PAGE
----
Written by Roger Baylor
There was a time when I’d make beer lists whenever I traveled, and it dates me considerably to confide that these were compiled using a pen and paper, and perhaps transcribed and typewritten later, long after I was back home.
Untappd didn’t even exist then. How on earth did we drink?
The list habit started before beer became a business. When overseas, the idea would be to drink a different beer for every day I was away. As you might expect, this wasn’t much of a challenge for sojourns into Bavaria or Belgium, although places like Italy or Bulgaria during the 1980s were far less fruitful.
Occasionally I’d be compelled to downgrade to wine – the horror.
I didn’t know much about beer back then, and the beers on my lists mostly were grouped by country, not style. As time went on, the ground shifted. For starters, I began learning about beer, and could tell a Doppelbock from a Bitter. Then, an American craft beer revolution started breaking out. At some point, I found myself smack in the middle of it, and right about the time it began making sense, it no longer did.
It is possible to trace back my encroaching disillusionment to a single instance of judging, around ten years ago. I took my new and only barely acquired BJCP status (those science questions were far too heavy for this humanities major) to Indianapolis to judge entries to the state fair, and was assigned Hefe-Weizen. Entries were numerous, and there were four of us: Two beer business guys, and two homebrewers.
It soon became apparent that the two pros had no chance to offer substantive input. Our two fellow judges had concluded that flavors and aromas roughly approximating liquid clove cigarettes were necessary for beers to pass through to the next round, and our counter arguments with regard to niggling details like malt and balance were dismissed. Theological compliance was demanded. We shrugged and cooperated, and I’ve only judged a handful of times since.
I’ve nothing against it, but just don’t feel like participating. To me, there is a point being missed – and life is too short for missed points. I’d rather drink a few full pints, and watch a decent foreign film, or read a book. Better yet, I’d rather have those beers with friends, on a beautiful fall day, in a clean and well anointed place.
The same phenomenon goes for keeping lists, which once was my passion. I’ve consumed a few thousand different beers in the past decade or so, and the point of counting and enumerating them now largely eludes me – much less undertaking the laborious task of rating, grading and grouping them.
What matters far more to me is where I consume them, and with whom. As one who doesn’t necessarily believe in out-of-body experiences, it is my belief that there are times when the place, weather, atmosphere and prevailing spirit can, in fact, provide a respite from the mundane, and be transformative. These times are to be sought, and cherished.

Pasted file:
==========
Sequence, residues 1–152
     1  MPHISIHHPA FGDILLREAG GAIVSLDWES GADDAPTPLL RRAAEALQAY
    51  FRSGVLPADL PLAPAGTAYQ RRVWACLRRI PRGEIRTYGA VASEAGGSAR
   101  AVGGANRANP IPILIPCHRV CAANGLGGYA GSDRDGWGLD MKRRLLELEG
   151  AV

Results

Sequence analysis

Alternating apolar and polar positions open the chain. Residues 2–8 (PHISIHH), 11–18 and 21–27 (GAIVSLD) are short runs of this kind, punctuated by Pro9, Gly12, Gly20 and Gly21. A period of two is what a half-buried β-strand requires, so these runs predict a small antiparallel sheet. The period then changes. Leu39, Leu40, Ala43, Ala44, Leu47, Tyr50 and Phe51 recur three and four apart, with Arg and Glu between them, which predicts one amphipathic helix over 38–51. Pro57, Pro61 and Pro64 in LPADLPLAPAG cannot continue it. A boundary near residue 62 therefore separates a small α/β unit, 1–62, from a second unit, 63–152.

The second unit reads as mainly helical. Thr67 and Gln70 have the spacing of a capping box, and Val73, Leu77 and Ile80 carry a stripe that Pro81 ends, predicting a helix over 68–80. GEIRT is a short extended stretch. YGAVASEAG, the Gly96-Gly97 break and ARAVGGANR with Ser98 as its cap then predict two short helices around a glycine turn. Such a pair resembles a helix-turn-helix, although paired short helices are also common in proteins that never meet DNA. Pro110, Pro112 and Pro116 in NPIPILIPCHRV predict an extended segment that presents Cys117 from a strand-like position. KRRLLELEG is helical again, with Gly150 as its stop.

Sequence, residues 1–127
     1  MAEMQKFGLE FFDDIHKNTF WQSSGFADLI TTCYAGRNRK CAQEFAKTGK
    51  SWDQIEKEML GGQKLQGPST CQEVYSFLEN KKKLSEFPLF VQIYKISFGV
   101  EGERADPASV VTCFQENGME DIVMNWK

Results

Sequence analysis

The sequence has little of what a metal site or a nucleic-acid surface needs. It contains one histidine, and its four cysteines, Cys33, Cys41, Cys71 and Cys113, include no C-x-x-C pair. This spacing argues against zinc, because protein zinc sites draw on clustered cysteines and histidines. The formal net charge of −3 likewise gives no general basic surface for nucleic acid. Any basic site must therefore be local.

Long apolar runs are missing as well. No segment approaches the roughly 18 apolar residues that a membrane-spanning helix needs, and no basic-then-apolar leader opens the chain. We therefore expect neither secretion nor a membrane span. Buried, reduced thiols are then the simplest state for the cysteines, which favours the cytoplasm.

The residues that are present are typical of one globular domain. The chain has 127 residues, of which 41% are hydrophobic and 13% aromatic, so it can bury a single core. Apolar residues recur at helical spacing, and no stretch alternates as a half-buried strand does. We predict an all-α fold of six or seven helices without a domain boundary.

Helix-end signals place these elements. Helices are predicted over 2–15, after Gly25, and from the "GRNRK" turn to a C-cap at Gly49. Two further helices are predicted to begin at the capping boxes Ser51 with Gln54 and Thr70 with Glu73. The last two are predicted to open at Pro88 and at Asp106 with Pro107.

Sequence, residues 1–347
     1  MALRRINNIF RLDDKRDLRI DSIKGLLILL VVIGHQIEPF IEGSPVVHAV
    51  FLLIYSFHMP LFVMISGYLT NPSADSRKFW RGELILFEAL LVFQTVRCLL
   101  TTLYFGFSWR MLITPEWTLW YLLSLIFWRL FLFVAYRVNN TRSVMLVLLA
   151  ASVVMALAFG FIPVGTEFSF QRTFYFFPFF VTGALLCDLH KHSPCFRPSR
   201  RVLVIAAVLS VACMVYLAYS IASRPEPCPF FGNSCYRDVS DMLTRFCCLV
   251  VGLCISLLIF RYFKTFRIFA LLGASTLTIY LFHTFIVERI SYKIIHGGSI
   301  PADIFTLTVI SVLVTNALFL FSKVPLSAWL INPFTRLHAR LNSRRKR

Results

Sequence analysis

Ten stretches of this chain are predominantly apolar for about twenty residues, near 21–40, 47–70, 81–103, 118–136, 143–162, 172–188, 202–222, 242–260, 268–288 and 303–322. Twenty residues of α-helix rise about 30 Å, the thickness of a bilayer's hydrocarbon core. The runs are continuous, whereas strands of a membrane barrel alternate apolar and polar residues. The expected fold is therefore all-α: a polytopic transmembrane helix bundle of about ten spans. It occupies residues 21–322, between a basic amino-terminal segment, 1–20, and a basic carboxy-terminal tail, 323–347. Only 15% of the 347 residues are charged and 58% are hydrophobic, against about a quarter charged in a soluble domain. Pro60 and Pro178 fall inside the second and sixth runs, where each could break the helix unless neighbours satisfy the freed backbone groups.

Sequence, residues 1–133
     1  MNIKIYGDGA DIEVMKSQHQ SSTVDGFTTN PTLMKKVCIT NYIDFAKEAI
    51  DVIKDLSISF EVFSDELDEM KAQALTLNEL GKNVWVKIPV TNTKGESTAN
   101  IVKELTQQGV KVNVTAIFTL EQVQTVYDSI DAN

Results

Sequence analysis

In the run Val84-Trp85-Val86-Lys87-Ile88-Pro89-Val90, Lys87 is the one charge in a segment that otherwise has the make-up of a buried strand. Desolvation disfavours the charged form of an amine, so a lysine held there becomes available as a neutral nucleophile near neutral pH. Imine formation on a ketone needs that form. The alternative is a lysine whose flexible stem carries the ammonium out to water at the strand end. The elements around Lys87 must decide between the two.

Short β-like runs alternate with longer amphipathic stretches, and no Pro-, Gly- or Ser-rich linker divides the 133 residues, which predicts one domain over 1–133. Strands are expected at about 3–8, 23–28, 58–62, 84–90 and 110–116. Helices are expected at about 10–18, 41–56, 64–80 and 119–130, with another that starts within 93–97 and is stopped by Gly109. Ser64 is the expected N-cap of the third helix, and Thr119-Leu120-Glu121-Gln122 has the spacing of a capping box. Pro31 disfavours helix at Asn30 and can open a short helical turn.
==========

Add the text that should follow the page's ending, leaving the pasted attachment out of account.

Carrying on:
As I’ve said before – and naturally, there are exceptions – oodles of good beers are available in this day and age, but the glibness currently passing for knowledge about beer can exhibit an alarming lack of genuine content. It is 48 miles wide, and roughly two inches deep.
Recently an Indiana blog writer made what was intended as a self-deprecating comment, pondering whether beer enthusiasts have ever had a worthwhile conversation about anything other than beer. I appreciate the humor, and find myself annoyed that he might well be right – and if so, it’s not where I want to be.
In this era of gilt and flash, what interests me about beer is whether or not it is honest. In a time of one-upmanship, what interests me is consistency. With end zone celebrations and chest-thumping all around, what interests me is the fundamental integrity to hand the ball back to the referee and play the damn game the way it was meant to be played.
Accordingly, I find myself returning to the wisdom of the ancients. In the case of beer during our prevailing millennium, this means remembering the words of the late, great Michael Jackson.
The search for the perfect pint should last a lifetime.
That’s one mantra. My others include:
Whenever it seems like the world is beginning to agree with me, it is utterly terrifying.
If you’re not growing, you’re dying.
If you believe the target is fixed, then you haven’t been paying attention.
If it’s about being seen drinking a certain beer, then get out of my sight.
There are others. These comments may strike some as cynical, and I resemble that remark. Beer’s my life, and I’m still living it, but the beer world has changed – and so have I. To rekindle that wonderment, and to get those list-making juices flowing again, it’s back to first principles, like the public places where we drink beer; pubs may not be entirely capable of suspending life’s other rules, but they should be places where life’s rules are subject to examination and reflection.
The beers we drink there?
Honest, sustaining, and preferably local when in the locale. Sensual, not clinical. Magical, not always quantifiable.
I’m resolving to tune out the posturing, the pretense and the noise, and get back to the straight and narrow. In pursuit of that perfectly elusive pint, there’ll be a quality lifetime with the object of my fascination. It can only be accomplished one sip at a time.
And this is going to take a while. Thank heavens for that.